Editor’s note: In a departure from the usual type of Go Tell It post, this one simply illustrates how creative writing can teach. My friend, Cherice Ullrich, and her colleague, Chris Jones, teach Bible at Rockford (Ill.) Christian High School. They were looking for a creative way to help their students study the Book of Revelation. I think they found it.
“I was transported to another reality. I saw the 55th bowl coming down from the sky in the Sunshine State. And there was great shouting as the final battle began. Out of the southern sea came one like a goat, branded with the number 12, who had six rings on one hand and his other hand appeared deflated. He led an army of men from the sea against warriors wielding a large arrow. These were clothed in red, the color of blood, with golden hands and feet, and a head that sat on top of their other head. Their leader had only one ring on his hand.
“And I saw sitting around the warriors many holding up posters of two snakes around a staff with wings. They wore white masks and held out needles to inject the world with a life-saving potion. The battle lasted for one hour but also three hours. There were pauses in the battle, during which the multitudes were tempted to spend their money on the idols of the Bald Eagle. Many times I saw those like zebras that held out a great yellow cloth and the battle would stop.
“There were shouts for victory filling the air, when suddenly the sky went dark. Fire shot up into the clouds. Time stopped, and I was surprised that suddenly the weekend began. Out of the darkness rose a man clothed in red robes. In his hand he held an instrument that made his message heard around the world. Out of the shadows came another army. Each wore the same red robe as he, but on each of their faces was a horrendous mask. Each held a star in his hand and encircled him as he moved. While I was still pondering these things, I was blinded by the light and could not feel my face in his presence. He continued to preach to the roaring multitudes until his allotted time came to an end.
“And I looked and I saw the sea rising over the warriors, and though they shot their arrows again and again, they could not stop the rising flood. The warriors of the land were engulfed and overtaken. The goat had conquered by taking the skin of a pig near a structure made of gold four times. At the end of the battle, shards of all the colors of the rainbow in the vault above rained down from the sky. Those in league with the goat of the sea rejoiced, and he was given a seventh ring with many jewels on it to signify his reign.”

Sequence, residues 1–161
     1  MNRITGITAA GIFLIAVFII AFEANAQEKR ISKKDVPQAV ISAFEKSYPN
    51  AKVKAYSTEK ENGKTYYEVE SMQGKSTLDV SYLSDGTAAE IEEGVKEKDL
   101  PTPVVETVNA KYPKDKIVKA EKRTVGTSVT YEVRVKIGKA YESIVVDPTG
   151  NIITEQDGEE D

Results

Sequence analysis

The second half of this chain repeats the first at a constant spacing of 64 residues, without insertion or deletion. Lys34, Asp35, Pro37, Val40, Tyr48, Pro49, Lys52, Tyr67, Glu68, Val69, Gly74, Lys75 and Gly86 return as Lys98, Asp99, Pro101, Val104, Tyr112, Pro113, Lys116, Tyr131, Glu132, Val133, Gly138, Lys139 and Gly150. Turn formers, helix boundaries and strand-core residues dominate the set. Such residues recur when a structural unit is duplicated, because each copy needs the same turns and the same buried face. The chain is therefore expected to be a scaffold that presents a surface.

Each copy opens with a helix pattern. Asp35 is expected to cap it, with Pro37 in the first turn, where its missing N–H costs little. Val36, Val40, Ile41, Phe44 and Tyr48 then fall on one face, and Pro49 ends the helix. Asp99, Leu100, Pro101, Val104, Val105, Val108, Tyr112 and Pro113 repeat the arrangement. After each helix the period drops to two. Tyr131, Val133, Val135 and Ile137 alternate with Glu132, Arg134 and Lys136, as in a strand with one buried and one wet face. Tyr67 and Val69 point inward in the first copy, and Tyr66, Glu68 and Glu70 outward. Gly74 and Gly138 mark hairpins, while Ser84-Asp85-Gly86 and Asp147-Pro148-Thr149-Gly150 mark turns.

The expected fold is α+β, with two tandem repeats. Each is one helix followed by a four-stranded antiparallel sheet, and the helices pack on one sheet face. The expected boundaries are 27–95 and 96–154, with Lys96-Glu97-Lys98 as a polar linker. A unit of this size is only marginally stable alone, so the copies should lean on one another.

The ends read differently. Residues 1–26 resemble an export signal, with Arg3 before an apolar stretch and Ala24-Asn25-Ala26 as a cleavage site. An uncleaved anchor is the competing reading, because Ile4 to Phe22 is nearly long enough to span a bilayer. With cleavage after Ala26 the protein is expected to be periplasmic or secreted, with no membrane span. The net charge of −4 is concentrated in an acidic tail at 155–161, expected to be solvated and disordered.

Now the explanation from Cherice:
This really happened. Sort of. A version of this story really took place Sunday night during Super Bowl LV. Obviously it didn’t look quite like we described it here. My colleague Chris Jones and I wrote this together for our high school classes on Revelation. Full disclosure: It may have been the main motivation for me actually watching the Super Bowl this year.
Welcome to the genre of apocalyptic literature. If you don’t know what an apocalypse is, don’t worry, it’s not the end of the world.
No, really. It’s not about the end of the world.
The word apocalypse means “to reveal.” That’s why in the Bible, the book of Revelation is called an “apocalypse.” It’s literally a “revealing”—like God pulling back the curtain on what’s really going on in human history, from his perspective. It’s about real events. It was written to real people. It teaches real truths about who God is.
But Revelation was written to first-century Christians in an apocalyptic prophetic style. The nature of apocalyptic literature is communication through image and symbol. Symbolism isn’t literal, but that doesn’t mean it’s not real.
Tom Brady is not literally a goat, but some say he really is the G.O.A.T. — the greatest of all time. Time didn’t literally stop and turn into the weekend, but there really was a halftime show with a musical artist called the Weeknd. I could go on, but you get the picture. (See what I did there?)
Once we stop trying to read Revelation literally, we can actually appreciate its message more fully. The Christians John wrote to in Asia Minor (modern-day Turkey) would have been totally tracking with this book, because apocalyptic literature was a popular style of writing then. They would have picked up on the symbols John used. These Christians were feeling pressured to live by the values of their culture rather than the values of the cross, God’s upside-down kingdom. From their earthly perspective, everything was working against them and an evil man was in charge of it all. The book of Revelation is a powerful message about God ruling on his throne no matter who seems to have control of any earthly empire.
It’s not about the end of the world. It’s actually more like God’s saying, “When it feels like it’s the end of the world, remember who I am, what I’ve done for you, and what’s coming for those who follow me.”
One of my favorite quotes comes from Old Testament scholar and Wheaton College professor John Walton: “The Bible is not written to us. But it is written for us.”
When we do the work of studying this style of literature, this book becomes exciting, challenging, encouraging, and full of hope. It is the Revelation of Jesus Christ, after all, the one who embodies all hope and who truly reigns forever … long after the G.O.A.T. is forgotten.
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